After a decade-long journey chasing its target, the European Space Agency’s Rosetta, carrying three NASA instruments, became the first spacecraft to rendezvous with a comet. The last of a series of 10 rendezvous maneuvers that began in May, to adjust Rosetta’s speed and trajectory to gradually match those of comet 67P/Churyumov-Gerasimenko, occurred today (Aug. 6, 2014).
“After 10 years, five months and four days travelling towards our destination, looping around the sun five times and clocking up 6.4 billion kilometers, we are delighted to announce finally we are here,” said Jean-Jacques Dordain, ESA’s director General.
The latest images of the comet taken by Rosetta are available at:
Comet 67P/Churyumov-Gerasimenko and Rosetta are 252 million miles (405 million kilometers) from Earth, about halfway between the orbits of Jupiter and Mars. The comet is in an elliptical, 6.5-year orbit that takes it from beyond Jupiter at its farthest point, to between the orbits of Mars and Earth at its closest to the sun. Rosetta will accompany the comet for over a year as it swings around the sun and back out towards Jupiter again.
Rosetta is 62 miles (100 kilometers) from the comet’s surface. Over the next six weeks, it will fly two triangular-shaped trajectories in front of the comet, first at the 62-mile (100-kilometer) altitude and then down at 31 miles (50 kilometers). At the same time, the spacecraft’s suite of instruments will provide a detailed scientific study of the comet, scanning the surface to identify a target site for its comet lander, Philae. Eventually, Rosetta will attempt a close, near-circular orbit at 19 miles (30 kilometers) and, depending on the activity of the comet, may come even closer.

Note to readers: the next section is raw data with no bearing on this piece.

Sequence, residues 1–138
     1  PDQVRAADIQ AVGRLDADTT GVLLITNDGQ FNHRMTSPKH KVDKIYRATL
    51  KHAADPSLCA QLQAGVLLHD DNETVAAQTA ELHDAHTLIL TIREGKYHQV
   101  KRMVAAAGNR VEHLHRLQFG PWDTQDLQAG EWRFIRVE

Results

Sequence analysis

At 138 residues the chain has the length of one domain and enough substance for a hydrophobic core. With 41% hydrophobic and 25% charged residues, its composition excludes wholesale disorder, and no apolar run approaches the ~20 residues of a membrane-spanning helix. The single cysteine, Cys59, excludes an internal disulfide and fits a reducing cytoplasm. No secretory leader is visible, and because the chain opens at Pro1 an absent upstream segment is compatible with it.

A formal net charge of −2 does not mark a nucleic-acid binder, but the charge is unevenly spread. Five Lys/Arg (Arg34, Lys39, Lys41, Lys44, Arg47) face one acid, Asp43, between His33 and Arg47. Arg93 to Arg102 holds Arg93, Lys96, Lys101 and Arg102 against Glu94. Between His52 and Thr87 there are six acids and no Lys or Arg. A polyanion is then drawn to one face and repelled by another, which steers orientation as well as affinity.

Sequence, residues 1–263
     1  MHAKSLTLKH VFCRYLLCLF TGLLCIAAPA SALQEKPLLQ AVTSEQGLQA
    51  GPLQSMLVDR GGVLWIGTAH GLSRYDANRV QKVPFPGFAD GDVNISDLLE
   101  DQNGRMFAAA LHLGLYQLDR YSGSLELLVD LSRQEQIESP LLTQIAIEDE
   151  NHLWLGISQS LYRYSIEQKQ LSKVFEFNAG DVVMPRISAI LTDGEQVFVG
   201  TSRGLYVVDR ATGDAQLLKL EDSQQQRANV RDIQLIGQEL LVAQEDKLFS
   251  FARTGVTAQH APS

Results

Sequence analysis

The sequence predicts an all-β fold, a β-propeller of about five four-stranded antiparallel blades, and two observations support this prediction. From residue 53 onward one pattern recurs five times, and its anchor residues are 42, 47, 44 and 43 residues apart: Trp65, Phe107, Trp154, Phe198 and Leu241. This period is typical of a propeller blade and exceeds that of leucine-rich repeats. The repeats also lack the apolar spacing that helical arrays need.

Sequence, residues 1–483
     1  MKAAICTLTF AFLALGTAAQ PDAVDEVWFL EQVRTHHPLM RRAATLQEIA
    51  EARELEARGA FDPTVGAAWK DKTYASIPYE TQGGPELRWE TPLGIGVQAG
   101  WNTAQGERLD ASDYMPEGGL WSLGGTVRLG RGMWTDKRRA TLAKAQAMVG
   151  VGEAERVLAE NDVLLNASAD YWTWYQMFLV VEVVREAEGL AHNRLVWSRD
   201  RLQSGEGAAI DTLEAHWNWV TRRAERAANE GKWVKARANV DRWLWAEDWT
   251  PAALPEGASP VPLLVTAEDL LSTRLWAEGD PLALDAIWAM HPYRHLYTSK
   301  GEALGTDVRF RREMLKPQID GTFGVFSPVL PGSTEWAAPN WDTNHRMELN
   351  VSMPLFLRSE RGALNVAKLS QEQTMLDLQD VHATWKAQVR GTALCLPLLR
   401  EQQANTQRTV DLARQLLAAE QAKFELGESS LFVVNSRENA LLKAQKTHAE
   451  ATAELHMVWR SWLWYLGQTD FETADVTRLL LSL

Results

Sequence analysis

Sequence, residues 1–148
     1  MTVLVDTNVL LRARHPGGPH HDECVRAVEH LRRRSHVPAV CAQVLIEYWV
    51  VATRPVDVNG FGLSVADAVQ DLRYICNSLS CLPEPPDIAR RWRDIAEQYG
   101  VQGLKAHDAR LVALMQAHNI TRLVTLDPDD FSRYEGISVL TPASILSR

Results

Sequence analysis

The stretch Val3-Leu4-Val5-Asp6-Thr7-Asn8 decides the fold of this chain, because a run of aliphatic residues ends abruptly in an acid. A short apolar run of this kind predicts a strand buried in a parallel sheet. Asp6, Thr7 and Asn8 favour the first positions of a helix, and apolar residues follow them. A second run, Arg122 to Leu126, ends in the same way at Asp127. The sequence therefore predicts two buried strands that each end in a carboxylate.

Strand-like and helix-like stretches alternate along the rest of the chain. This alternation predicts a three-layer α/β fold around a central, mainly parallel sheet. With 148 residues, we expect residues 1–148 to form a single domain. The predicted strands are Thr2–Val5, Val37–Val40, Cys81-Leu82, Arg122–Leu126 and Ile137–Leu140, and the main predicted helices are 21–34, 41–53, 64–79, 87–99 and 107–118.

“Over the next few months, in addition to characterizing the comet nucleus and setting the bar for the rest of the mission, we will begin final preparations for another space history first: landing on a comet,” said Matt Taylor, Rosetta’s project scientist from the European Space Agency’s Science and Technology Centre in Noordwijk, The Netherlands.
As many as five possible landing sites will be identified by late August, before the primary site is identified in mid-September. The final timeline for the sequence of events for deploying Philae — currently expected for Nov. 11 — will be confirmed by the middle of October.
Comets are considered to be primitive building blocks of the solar system and may have helped to “seed” Earth with water, perhaps even the ingredients for life. But many fundamental questions about these enigmatic objects remain, and through a comprehensive, in situ study of the comet, Rosetta aims to unlock the secrets within.
The three U.S. instruments aboard the spacecraft are the Microwave Instrument for Rosetta Orbiter (MIRO), an ultraviolet spectrometer called Alice, and the Ion and Electron Sensor (IES). They are part of a suite of 11 science instruments aboard the Rosetta orbiter.
MIRO is designed to provide data on how gas and dust leave the surface of the nucleus to form the coma and tail that give comets their intrinsic beauty. Studying the surface temperature and evolution of the coma and tail provides information on how the comet evolves as it approaches and leaves the vicinity of the sun.
Alice will analyze gases in the comet’s coma, which is the bright envelope of gas around the nucleus of the comet developed as it approaches the sun. Alice also will measure the rate at which the comet produces water, carbon monoxide and carbon dioxide. These measurements will provide valuable information about the surface composition of the nucleus.